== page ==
The main chemical process involved is called ionization. We’ve all witnessed ionization many times, but perhaps were unaware of what we were looking at. Here’s an example. Take a spoonful of table salt crystals, then stir them into a glass of warm water and watch what happens. Before long the crystals will “disappear.” They will not settle out. They will become, essentially, part of the water. You are witnessing ionization in action.

The table salt is made up of two elements — sodium (Na+) and chlorine (Cl‑). When they are combined as sodium chloride (NaCl), table salt, the plus charge and the minus charge act like little magnets, hooking the two elements together. But when they enter the water, the sodium and chlorine come apart – or ionize. They are still there but are no longer visible and no longer connected. They are suspended in the water.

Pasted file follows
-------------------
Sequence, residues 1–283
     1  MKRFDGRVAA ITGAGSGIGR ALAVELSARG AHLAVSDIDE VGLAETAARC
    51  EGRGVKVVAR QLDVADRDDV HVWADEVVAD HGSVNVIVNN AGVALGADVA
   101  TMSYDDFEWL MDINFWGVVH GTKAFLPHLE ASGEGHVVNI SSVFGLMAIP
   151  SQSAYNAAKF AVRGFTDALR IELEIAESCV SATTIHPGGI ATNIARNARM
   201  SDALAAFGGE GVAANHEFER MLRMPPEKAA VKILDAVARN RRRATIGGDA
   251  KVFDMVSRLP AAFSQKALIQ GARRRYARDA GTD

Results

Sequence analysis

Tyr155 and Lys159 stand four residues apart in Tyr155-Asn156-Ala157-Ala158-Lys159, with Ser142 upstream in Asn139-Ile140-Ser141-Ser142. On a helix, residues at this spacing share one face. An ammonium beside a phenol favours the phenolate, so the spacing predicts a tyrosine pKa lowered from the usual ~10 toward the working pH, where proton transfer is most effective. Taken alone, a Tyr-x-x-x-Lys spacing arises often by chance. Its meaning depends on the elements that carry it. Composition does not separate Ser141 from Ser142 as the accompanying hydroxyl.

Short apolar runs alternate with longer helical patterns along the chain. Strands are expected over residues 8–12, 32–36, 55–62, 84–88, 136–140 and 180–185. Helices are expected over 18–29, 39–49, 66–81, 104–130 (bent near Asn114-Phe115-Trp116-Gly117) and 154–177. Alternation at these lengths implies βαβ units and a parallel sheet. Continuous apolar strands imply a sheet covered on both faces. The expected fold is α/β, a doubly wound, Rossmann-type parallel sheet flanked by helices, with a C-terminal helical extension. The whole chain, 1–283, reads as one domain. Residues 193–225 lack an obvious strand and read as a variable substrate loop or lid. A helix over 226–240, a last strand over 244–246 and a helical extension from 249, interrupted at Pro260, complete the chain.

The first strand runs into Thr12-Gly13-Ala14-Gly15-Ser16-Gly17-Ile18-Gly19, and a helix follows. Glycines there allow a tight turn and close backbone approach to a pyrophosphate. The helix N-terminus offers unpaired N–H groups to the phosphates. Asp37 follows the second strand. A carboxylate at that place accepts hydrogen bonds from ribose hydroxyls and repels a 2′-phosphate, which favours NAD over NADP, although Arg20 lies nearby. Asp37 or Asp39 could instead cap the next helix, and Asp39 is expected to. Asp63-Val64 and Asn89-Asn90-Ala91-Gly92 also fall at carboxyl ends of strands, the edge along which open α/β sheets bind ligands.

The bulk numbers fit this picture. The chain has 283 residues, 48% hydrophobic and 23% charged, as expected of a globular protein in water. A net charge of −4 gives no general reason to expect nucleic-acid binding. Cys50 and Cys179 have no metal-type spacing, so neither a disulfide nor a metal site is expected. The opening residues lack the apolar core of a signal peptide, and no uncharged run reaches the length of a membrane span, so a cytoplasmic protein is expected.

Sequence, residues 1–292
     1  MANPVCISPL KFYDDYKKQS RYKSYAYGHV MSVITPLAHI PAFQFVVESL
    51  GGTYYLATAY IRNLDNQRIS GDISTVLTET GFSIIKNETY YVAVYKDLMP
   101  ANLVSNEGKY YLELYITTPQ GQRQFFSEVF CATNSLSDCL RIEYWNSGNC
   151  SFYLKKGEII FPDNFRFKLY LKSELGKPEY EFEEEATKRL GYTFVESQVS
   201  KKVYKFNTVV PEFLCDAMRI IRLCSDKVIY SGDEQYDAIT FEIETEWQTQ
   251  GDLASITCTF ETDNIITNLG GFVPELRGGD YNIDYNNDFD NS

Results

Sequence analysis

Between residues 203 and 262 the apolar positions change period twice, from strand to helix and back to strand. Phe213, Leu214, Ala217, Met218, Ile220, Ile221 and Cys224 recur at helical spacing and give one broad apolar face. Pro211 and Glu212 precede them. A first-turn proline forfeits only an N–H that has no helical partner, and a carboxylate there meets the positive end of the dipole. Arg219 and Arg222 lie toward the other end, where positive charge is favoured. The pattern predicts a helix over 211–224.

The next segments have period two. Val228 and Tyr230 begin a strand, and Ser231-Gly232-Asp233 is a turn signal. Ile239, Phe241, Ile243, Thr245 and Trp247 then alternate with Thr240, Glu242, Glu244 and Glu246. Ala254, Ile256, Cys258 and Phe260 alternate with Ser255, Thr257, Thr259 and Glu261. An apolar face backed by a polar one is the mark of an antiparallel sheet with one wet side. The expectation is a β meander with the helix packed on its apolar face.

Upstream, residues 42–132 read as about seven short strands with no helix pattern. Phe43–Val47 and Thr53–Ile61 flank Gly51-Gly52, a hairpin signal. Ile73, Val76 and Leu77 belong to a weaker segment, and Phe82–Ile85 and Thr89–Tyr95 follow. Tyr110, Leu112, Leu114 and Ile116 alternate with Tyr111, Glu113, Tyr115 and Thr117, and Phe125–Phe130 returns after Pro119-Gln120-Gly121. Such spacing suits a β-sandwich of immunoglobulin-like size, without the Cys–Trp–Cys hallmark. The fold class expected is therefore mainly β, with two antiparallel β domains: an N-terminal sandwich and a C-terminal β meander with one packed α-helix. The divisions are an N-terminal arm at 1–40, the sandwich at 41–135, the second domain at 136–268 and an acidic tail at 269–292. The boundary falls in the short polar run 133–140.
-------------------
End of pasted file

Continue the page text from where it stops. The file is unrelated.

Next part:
Before a plant can extract a nutrient from the soil solution, the nutrient must be in ionic form. This is a very important point to remember. Plants don’t take up, say, potassium nitrate (KNO3). They take up a potassium ion and a nitrate ion that have been dissolved (ionized) in the soil solution. All of the plant macro‑ and micro‑nutrients must first be converted to their ionic form in the soil before they are available to the plant. A bit of this is accomplished by soil microorganisms, but most ionization occurs as the elements are dissolved in water. That’s why we must water generously after we fertilize.

As noted above, some ions have a positive charge. These are called cations. While others, the anions, carry a negative charge. Whether an ion has a positive or a negative charge depends on the number and arrangement of electrons around it — a subject beyond the scope of this article. As far as the plant is concerned, the key cations are potassium (K+), calcium (Ca+), magnesium (Mg+), and iron (Fe+). The most important anions are nitrate (NO3‑), phosphate (H2PO4‑), sulfate (SO‑) and chloride (Cl‑).